USB I/O very slow

Isaac Monteiro

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Hi,
I downloaded an 2,7 GB ISO image and copied to a pen drive formatted as ext2. The copying progress started with a write speed of 3 MB/s and went slower and slower and ended with a write speed of 627 KB/s.
The copy process took me 47 minutes and I decided to test the write speed of Debian GNU/Linux 8. I tried copying the same file and the copy process started with a write speed of 30 MB/s and ended with 7 MB/s ~ 6 MB/s and the copy process took 9.5 minutes.

Why is the write speed of the pen drive so slow on FreeBSD?
 
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Isaac Monteiro

Isaac Monteiro

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Why? Systemd was one of the motives for switch to FreeBSD.
Please, no wars.
 

tobik@

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Hi,
I downloaded an 2,7 GB ISO image and copied to a pen drive formatted as ext2. The copying progress started with a write speed of 3 MB/s and went slower and slower and ended with a write speed of 627 KB/s.
The copy process took me 47 minutes and I decided to test the write speed of Debian GNU/Linux 8. I tried copying the same file and the copy process started with a write speed of 30 MB/s and ended with 7 MB/s ~ 6 MB/s and the copy process took 9.5 minutes.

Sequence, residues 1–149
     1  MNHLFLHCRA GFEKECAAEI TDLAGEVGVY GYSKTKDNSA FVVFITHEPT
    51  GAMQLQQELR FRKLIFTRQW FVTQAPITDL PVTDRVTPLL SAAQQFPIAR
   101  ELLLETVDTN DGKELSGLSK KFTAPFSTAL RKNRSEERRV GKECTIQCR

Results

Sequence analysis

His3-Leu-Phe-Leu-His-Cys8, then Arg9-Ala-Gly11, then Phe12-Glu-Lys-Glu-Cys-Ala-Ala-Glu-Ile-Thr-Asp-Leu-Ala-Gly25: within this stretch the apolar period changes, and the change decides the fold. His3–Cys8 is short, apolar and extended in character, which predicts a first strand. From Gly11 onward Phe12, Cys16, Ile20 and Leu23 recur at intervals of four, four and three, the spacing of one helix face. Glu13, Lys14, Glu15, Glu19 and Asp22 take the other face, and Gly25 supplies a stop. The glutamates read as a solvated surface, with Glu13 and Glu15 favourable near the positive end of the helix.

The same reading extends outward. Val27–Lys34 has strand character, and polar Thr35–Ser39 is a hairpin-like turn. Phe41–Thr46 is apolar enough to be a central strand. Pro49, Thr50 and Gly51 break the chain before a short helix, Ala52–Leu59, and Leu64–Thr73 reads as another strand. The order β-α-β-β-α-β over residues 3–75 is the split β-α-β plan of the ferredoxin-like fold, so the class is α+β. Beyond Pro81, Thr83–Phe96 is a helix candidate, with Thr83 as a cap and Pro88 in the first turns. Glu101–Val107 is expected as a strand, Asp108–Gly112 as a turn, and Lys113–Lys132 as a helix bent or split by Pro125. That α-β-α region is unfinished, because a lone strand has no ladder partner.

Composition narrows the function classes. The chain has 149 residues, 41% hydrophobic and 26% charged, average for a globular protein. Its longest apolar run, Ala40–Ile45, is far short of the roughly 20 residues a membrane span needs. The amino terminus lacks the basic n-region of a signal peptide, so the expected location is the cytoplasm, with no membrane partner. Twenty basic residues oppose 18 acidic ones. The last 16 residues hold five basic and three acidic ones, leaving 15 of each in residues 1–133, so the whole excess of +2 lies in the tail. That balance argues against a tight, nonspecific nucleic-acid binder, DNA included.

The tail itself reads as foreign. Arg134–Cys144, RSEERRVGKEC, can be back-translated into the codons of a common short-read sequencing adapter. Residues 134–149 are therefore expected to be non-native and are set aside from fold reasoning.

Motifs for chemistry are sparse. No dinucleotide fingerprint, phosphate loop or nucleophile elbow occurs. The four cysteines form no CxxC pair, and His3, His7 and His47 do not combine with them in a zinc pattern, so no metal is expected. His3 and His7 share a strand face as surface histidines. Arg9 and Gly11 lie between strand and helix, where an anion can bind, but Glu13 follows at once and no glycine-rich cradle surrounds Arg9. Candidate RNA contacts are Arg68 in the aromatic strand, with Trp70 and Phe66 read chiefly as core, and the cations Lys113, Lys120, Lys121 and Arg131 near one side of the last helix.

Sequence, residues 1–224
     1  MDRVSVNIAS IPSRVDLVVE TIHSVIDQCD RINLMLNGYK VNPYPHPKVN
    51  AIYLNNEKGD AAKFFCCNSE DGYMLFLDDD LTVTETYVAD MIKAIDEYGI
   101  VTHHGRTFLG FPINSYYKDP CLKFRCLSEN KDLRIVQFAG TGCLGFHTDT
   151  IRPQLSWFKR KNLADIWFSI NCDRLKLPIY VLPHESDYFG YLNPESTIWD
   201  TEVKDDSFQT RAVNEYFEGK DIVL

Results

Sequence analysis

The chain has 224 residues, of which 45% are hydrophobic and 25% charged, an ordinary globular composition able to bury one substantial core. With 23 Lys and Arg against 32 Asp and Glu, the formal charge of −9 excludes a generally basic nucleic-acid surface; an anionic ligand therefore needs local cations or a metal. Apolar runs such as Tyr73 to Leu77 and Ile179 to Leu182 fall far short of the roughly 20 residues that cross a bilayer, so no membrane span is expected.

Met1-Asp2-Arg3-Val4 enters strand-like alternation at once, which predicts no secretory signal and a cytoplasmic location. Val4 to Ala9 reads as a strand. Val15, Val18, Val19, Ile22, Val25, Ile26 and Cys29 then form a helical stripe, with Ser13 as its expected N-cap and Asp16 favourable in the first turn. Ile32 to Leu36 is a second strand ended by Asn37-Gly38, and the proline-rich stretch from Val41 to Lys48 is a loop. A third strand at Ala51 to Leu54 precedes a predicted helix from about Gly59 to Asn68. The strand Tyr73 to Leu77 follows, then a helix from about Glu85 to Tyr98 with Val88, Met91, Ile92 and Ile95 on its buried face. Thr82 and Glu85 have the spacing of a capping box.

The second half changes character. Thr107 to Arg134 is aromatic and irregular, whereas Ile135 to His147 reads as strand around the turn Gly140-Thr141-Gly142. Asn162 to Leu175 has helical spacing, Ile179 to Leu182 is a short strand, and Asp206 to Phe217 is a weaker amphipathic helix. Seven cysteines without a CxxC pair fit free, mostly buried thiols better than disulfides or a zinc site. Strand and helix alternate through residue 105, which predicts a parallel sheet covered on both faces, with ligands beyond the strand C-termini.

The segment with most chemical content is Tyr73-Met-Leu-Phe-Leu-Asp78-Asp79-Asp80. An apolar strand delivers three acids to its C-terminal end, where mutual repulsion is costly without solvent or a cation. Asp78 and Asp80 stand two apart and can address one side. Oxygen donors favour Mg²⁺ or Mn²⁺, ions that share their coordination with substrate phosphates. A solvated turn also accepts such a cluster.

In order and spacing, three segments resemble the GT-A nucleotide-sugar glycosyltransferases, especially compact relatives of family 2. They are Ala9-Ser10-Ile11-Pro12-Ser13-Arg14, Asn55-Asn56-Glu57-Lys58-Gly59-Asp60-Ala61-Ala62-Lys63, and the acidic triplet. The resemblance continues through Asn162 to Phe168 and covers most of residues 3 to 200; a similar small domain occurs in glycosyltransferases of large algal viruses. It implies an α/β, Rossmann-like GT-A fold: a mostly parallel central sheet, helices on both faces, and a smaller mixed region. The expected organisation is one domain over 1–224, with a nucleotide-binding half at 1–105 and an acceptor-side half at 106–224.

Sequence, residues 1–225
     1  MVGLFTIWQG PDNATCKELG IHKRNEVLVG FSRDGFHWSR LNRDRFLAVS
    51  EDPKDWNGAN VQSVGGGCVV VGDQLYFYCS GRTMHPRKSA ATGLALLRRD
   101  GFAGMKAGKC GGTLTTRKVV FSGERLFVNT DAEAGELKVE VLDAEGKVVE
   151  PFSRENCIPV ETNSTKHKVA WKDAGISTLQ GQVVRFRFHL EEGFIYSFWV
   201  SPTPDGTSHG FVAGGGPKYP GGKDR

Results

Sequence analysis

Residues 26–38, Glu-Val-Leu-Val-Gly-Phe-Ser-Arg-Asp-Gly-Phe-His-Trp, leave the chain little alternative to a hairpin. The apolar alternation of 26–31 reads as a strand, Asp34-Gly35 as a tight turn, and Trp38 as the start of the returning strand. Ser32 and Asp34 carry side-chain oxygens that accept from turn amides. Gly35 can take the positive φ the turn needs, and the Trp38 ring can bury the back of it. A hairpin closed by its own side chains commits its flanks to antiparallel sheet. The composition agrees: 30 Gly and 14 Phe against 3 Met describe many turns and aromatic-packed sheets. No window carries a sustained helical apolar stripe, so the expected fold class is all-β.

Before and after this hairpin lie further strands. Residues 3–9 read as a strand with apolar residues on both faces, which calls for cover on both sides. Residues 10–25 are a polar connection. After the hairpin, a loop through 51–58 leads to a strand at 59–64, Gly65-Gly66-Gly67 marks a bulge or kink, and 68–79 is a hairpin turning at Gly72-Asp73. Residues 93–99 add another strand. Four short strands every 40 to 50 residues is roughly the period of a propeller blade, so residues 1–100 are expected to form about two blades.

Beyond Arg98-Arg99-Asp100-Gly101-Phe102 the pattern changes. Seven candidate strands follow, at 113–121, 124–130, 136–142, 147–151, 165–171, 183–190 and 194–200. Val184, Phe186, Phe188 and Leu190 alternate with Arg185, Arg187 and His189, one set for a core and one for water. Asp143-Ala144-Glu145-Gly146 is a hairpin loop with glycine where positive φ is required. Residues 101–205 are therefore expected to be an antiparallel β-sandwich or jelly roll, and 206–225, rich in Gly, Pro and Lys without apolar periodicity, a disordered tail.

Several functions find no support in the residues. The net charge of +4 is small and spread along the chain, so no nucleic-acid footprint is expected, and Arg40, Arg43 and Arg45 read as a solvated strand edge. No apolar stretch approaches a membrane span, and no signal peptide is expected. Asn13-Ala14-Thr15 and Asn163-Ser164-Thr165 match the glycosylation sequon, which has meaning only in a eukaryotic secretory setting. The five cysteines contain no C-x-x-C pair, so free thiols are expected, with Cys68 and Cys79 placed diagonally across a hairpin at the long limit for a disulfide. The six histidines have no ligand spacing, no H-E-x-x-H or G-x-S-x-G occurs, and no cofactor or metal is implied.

Why is the write speed of the pen drive so slow on FreeBSD?
According to the Wiki (https://wiki.freebsd.org/Ext2fs/) ext2fs(5) defaults to synchronous mode which might be slower. Try adding the async option when you mount your pen drive. Linux uses async mode by default.
 

wblock@

Beastie Himself
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Seems like I've read about Linux using write caching or delayed writes without being obvious about it. Maybe only on USB, I don't recall.

The speed still seems way too low on FreeBSD. What was the exact command used? In other words, did it use a reasonable buffer?
 

wblock@

Beastie Himself
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So it was not dd(1). Oh, I see. You are using ext2 on the USB drive. I don't have any idea whether the FreeBSD implementation performs well, but that would be my first guess. Copying the same file to the same USB device which has been formatted with UFS would be a good test.
 

kpa

Beastie's Twin

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For comparison using UFS make sure you test with both soft updates on and off. I bet you'll see the same bad performance when soft updates are off. See tunefs(8) on how to turn on/off softupdates.
 
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Isaac Monteiro

Isaac Monteiro

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I tried mounting with -o async but it is still very slow.

I will try to format to UFS, but that's not a solution for me, since I'm using this pen drive on FreeBSD and on Debian, and Linux does not support UFS very well.